Two award-winning children’s-book authors team up for a more modern, feminist take on stories of girls and women in the Hebrew Bible. In biblical times, wells were the centers of social life for teenage girls—where future husbands and thirsty animals might appear and news and gossip are traded. Via 14 stories that range from Eve, the first woman and mother, to Esther, who becomes savior and queen of her people, readers learn about these and other complicated subjects including marriage, motherhood, infertility, widowhood, and inheritance as well as female roles and experiences as judge, prophet, and leader. Each chapter offers a story overview identifying female heroism, as well as annotated sidebars anticipating readers’ questions, followed by an “Imagine” segment in the character’s voice by Goldin and a poem by Yolen. The authors demystify the concept of midrash—noncanonical exploration of or commentary on a story or text—empowering readers to consider their own searching examinations of the subjects presented. Most of the commentary is from Jewish sources, but some include commonalities with other faiths, particularly Christianity and Islam. While the presentation is a little staid, this book is solid, well-researched, well-organized, and especially appropriate for young people preparing for or celebrating coming-of-age rituals. A much-needed, thoughtful updating of Bible stories about women that functions as both storytelling experience and classic reference tome.
— Kirkus Reviews (STARRED REVIEW)
Yolen and Goldin have collaborated on a text suitable for students’ first serious foray into Biblical analysis or midrash with a focus on women. (“Still we must never forget that even in the stories about men, there are women.”) Nine chapters discuss a total of 14 women and girls from the Hebrew Bible. A working familiarity with the stories of Eve, Rebecca, Deborah, Esther, etc. is assumed. The opening page of each chapter notes the relevant Biblical verses for reference, but Yolen and Goldin move right into retelling and commentary. Using the Jewish tradition of marginalia, they include sidebars anticipating readers’ questions, such as “So many men in the Bible have more than one wife—why?” They also discuss differing interpretations and additional insights held by Jewish tradition. Drawing connections among all three Abrahamic faiths, Yolen and Goldin often include references to Islamic practice and belief. However, the authors say little about the commonly held Islamic belief that Abraham was prepared to sacrifice his son Ishmael—not Isaac, as in Jewish and Christian tradition. Both authors present a more detailed imagining of the women’s stories at the conclusion of each chapter, Goldin in prose and Yolen in verse. Mintzi’s artwork, done in a variety of blues, oranges, browns, and reds, skillfully communicates the landscapes. VERDICT A solid source of study and reflection for libraries with religious patrons.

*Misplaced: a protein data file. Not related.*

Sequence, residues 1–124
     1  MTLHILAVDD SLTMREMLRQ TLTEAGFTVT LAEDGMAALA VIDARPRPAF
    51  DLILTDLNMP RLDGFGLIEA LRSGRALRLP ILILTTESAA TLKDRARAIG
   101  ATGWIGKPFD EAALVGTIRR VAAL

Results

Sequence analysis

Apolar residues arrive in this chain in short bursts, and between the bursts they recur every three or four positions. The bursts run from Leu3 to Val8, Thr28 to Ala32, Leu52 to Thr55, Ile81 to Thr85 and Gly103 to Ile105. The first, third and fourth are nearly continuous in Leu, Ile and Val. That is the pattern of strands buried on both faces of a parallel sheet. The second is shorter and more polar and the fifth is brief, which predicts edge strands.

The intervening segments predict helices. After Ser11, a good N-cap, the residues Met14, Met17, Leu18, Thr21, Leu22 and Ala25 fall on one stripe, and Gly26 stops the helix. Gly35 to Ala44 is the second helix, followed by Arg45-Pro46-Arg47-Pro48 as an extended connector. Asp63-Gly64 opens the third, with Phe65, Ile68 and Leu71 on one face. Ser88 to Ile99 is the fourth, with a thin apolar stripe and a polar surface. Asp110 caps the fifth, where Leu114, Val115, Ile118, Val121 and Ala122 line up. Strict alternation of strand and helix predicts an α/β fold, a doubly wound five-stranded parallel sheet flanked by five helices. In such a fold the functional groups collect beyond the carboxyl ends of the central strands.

—School Library Journal
That women are given the short shrift in the Hebrew Bible is no news, but as Yolen and Golden point out in their introduction, their stories have been more fully explored in Jewish midrash — defined in part as “a Jewish story that explains, clarifies, or elaborates” a Bible passage — and lately from a feminine perspective. The authors delve deeply into history and motivations in this collection of 14 biblical tales that highlight women, young and old, who have been imprinted on Western consciousness. First there is a recounting of the relevant story, with sidebars that explain terms and customs (e.g., the marriage of cousins or problematic issues such as the binding of Isaac). Following are short original works, including poems, that take readers inside the minds of the women. Each chapter features a lovely full-page piece of artwork. This organization, though somewhat clunky, nevertheless makes for an informative book. The authors don’t shy away from difficult subject matters — for instance, Naomi’s instructions to Ruth about enticing their kinsman Boaz. At the conclusion, readers are encouraged to come up with their own midrashim.